[top]Little v devices

Little v devices in Kisaangan include number agreement, coindexed incorporated object possession, and two voices (inverse and causative).

Number agreementSubjectObject
UnspecifiedUnmarked
Plural-yi-já
(Both PL)-tsí
Specific #-#N/A

As indicated by the table, the number system is best understood as "nonspecific/plural" instead of "singular/plural," although for ease of explanation the "unspecified" number is usually as singular. Numerals can be suffixed to the verb to specify a literal number of subjects, but not objects (to get a specific object count, a standalone object can take a numeral). If a numeral appears in the incorporated object slot, it is functioning as a noun (e.g. "two things," "five of those," "one person") and not modifying anything.

Some examples of agreement at work:

KisaanganGlossTranslation
kitsu1First person (person)
speaker, signer, etc; I
.INTRIntransitive (valency)
has one argument
-see
'I see'
kitsuyi1First person (person)
speaker, signer, etc; I
.INTRIntransitive (valency)
has one argument
-see-PLPlural (number)
more than one/few
'We see'
kit'tsu 1First person (person)
speaker, signer, etc; I
>2Second person (person)
addressee (you)
-EEpenthetic
something 'meaningless' inserted for structural reasons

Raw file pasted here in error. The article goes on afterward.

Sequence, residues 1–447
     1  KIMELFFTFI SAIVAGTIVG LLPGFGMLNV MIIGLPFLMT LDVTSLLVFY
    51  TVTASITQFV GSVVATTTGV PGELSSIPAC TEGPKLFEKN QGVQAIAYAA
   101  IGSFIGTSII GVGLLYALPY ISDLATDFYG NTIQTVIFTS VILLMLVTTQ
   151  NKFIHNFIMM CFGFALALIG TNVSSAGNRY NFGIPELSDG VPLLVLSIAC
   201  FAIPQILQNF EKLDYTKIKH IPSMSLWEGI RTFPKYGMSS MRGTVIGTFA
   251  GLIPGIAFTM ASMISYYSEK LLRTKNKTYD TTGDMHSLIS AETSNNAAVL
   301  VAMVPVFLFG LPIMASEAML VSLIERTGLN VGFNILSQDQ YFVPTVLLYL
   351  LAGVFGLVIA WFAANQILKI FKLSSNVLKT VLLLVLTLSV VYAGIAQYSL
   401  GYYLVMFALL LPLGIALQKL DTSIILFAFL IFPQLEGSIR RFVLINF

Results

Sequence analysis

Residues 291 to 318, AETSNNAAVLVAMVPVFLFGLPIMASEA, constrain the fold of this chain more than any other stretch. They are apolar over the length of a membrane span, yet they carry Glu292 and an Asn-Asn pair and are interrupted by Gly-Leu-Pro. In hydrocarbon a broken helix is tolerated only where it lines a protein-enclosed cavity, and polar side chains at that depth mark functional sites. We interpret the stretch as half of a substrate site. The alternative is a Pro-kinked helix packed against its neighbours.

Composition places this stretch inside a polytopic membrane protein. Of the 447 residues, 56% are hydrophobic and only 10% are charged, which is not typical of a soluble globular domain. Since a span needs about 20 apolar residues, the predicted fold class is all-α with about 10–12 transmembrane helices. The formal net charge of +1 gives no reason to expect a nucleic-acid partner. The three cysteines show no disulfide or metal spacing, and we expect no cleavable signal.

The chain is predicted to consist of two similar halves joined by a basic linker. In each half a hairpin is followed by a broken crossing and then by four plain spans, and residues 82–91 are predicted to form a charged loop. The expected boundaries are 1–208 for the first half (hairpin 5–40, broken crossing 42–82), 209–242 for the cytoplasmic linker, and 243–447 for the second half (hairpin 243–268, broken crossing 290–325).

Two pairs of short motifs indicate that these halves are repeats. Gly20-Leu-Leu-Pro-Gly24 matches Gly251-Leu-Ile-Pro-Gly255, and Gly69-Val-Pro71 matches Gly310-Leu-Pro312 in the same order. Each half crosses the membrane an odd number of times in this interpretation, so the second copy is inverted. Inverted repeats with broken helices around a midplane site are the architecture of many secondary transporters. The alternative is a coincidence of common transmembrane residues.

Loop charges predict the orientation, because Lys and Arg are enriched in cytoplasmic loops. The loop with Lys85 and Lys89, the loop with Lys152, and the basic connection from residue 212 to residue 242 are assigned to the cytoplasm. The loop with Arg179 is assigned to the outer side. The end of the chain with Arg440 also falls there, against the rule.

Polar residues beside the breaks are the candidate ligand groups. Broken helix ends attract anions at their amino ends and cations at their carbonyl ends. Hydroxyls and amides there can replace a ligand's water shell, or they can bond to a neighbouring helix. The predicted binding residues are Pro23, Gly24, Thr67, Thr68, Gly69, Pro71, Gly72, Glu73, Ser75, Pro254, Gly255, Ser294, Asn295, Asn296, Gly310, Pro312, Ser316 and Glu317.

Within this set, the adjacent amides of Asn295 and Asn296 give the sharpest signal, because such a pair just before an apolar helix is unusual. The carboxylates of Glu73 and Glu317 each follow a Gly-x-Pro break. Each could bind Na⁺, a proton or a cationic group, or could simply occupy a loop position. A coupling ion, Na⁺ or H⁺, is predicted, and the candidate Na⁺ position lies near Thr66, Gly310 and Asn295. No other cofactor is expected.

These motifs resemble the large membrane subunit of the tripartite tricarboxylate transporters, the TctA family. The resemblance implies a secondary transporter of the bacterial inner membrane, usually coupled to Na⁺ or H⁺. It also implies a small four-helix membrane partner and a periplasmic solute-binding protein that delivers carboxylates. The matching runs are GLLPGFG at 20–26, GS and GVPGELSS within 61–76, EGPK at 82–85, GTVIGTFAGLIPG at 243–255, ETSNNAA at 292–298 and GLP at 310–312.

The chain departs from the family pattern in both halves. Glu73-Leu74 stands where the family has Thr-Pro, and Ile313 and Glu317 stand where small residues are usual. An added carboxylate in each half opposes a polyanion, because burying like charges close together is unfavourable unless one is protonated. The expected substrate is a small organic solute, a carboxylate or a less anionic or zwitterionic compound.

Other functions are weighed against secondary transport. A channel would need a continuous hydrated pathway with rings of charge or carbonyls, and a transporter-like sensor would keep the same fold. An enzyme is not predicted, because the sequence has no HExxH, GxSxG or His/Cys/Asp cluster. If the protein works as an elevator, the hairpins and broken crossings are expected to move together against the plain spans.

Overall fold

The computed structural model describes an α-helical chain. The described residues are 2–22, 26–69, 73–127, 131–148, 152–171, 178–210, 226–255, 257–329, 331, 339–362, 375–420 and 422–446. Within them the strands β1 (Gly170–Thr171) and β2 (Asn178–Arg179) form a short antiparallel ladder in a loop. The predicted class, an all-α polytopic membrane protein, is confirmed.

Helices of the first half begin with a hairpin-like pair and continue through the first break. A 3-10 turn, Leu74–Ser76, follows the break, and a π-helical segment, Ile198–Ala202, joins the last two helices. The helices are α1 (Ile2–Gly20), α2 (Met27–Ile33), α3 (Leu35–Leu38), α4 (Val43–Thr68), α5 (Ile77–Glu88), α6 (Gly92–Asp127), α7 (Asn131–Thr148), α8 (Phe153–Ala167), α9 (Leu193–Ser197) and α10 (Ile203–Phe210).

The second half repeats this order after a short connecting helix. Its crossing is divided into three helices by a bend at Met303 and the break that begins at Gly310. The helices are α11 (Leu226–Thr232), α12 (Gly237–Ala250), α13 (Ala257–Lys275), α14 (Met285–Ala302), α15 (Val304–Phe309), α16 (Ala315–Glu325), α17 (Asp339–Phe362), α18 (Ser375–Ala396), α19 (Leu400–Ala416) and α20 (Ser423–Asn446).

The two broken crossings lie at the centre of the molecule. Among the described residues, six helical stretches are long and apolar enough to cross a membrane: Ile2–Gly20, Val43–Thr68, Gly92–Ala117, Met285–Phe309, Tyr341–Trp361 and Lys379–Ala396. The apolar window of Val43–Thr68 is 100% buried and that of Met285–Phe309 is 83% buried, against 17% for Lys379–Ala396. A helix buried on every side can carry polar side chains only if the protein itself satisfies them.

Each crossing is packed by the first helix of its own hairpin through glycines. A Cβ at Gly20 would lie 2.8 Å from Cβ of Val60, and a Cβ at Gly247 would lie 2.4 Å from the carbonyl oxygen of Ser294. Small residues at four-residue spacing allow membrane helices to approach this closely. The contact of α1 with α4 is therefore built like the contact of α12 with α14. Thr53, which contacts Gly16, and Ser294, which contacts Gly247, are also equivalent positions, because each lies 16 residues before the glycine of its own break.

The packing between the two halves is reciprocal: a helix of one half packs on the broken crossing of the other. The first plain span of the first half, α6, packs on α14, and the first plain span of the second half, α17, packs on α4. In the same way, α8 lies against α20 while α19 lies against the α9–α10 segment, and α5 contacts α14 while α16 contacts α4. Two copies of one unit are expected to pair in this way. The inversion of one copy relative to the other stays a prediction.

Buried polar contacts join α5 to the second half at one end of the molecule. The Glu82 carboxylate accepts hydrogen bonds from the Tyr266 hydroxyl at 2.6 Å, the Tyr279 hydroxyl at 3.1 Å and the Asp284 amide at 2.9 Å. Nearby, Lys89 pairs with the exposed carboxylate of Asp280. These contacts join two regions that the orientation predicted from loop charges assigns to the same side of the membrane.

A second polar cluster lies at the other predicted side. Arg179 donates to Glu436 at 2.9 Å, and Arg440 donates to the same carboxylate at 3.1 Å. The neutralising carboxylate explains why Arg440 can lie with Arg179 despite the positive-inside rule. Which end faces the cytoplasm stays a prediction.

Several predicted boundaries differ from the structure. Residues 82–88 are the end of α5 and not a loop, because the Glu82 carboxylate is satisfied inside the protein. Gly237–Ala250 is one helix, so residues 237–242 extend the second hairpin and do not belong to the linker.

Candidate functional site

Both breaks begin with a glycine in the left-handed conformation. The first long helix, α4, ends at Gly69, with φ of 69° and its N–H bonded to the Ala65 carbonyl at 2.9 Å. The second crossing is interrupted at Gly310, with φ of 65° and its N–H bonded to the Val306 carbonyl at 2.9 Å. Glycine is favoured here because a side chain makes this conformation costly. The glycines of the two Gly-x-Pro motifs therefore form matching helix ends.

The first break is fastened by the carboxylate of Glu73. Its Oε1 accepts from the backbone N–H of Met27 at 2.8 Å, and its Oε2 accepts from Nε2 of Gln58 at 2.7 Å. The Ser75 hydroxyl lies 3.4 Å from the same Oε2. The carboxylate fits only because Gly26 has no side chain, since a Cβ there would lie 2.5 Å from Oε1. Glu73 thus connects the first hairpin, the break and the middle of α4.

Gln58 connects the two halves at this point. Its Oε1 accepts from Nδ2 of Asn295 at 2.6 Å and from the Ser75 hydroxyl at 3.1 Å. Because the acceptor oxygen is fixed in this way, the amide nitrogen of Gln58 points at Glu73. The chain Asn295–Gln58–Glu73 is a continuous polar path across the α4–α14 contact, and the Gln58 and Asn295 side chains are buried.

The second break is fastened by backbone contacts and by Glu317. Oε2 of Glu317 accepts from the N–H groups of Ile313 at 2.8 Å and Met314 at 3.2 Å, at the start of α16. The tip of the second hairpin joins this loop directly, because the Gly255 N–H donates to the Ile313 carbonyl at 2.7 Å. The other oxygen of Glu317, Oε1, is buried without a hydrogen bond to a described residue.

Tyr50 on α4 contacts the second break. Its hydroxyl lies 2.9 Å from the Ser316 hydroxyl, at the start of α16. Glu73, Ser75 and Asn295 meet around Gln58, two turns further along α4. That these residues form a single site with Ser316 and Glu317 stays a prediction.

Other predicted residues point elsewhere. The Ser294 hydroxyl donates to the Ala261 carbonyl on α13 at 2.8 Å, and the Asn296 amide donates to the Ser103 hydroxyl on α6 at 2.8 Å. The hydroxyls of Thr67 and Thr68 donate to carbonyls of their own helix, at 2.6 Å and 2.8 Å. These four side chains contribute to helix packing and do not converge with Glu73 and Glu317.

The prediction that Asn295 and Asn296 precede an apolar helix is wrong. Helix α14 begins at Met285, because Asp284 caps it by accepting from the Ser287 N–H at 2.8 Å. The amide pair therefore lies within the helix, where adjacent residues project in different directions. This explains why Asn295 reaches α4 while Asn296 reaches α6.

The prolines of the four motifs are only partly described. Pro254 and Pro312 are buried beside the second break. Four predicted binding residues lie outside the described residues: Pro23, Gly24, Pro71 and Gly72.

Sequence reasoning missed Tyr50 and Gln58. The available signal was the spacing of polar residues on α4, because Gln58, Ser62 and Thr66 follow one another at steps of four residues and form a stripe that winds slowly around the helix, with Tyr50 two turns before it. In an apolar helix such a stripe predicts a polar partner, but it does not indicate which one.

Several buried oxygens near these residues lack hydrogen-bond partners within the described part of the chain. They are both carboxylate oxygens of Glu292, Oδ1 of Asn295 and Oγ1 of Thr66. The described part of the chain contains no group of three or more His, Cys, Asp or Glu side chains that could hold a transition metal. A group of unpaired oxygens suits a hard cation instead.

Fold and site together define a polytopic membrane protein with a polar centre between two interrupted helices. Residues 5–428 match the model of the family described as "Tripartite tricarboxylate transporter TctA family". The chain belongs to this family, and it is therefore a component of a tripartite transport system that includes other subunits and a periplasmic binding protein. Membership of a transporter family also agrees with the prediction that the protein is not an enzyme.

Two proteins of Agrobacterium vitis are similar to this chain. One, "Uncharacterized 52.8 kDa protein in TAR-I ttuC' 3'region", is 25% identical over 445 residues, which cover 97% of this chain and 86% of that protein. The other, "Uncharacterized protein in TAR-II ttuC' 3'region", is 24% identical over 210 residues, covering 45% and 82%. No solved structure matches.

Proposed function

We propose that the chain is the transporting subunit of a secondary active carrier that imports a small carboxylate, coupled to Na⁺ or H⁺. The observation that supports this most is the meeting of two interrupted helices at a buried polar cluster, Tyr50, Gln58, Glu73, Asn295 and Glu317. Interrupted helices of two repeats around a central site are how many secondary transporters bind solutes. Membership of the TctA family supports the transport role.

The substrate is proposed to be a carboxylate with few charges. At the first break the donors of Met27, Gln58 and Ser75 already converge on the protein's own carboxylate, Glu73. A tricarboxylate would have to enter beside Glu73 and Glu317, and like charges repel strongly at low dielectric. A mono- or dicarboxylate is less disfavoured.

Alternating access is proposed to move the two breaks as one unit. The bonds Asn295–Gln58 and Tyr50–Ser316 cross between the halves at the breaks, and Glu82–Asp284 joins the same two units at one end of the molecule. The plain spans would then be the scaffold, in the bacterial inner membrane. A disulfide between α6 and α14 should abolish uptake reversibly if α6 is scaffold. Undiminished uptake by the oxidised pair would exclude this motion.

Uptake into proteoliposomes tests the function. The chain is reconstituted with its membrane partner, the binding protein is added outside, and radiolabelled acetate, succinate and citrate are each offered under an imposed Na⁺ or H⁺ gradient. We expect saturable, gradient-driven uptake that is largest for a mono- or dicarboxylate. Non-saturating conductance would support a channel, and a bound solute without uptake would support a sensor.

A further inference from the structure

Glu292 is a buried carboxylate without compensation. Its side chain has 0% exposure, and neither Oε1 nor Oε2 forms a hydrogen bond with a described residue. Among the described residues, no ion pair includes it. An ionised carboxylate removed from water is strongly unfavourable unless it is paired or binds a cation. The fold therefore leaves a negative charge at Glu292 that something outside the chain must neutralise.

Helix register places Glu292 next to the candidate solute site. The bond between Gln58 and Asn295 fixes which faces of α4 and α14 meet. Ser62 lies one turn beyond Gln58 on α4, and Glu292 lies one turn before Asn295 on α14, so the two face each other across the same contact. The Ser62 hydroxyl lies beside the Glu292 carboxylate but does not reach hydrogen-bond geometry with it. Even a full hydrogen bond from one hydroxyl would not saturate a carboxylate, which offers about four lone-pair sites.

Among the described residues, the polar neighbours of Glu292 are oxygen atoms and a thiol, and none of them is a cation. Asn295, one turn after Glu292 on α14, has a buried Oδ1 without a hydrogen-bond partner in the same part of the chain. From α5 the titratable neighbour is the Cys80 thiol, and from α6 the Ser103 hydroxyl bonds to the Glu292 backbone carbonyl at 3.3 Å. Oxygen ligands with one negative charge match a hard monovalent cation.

-see
'I see you'
kit'tsujá 1First person (person)
speaker, signer, etc; I
>2Second person (person)
addressee (you)
-EEpenthetic
something 'meaningless' inserted for structural reasons
-see-PLPlural (number)
more than one/few
'I see y'all'
kit'tsutsí 1First person (person)
speaker, signer, etc; I
>2Second person (person)
addressee (you)
-EEpenthetic
something 'meaningless' inserted for structural reasons
-see-PLPlural (number)
more than one/few
.PLPlural (number)
more than one/few
'We see y'all'
kitsukúwa 1First person (person)
speaker, signer, etc; I
.INTRIntransitive (valency)
has one argument
-see-two
'We two see'
kiwsu n'náa 1First person (person)
speaker, signer, etc; I
>3IThird person inanimate (person)
it, not he/she/they
-see OBLOblique (argument)
indirect or demoted object
-house
'I see (a) house(s)'
kiwsujá n'náa 1First person (person)
speaker, signer, etc; I
>3IThird person inanimate (person)
it, not he/she/they
-see-PLPlural (number)
more than one/few
OBLOblique (argument)
indirect or demoted object
-house
'I see houses'
kíakúwasu 1First person (person)
speaker, signer, etc; I
>INCOIncorporated (affix)
object infixed into verb
-two-see
'I see two (things)'
*kíakúwasu n'náa 1First person (person)
speaker, signer, etc; I
>INCOIncorporated (affix)
object infixed into verb
-two-s8ee OBLOblique (argument)
indirect or demoted object
-house
'*I see two (things) house'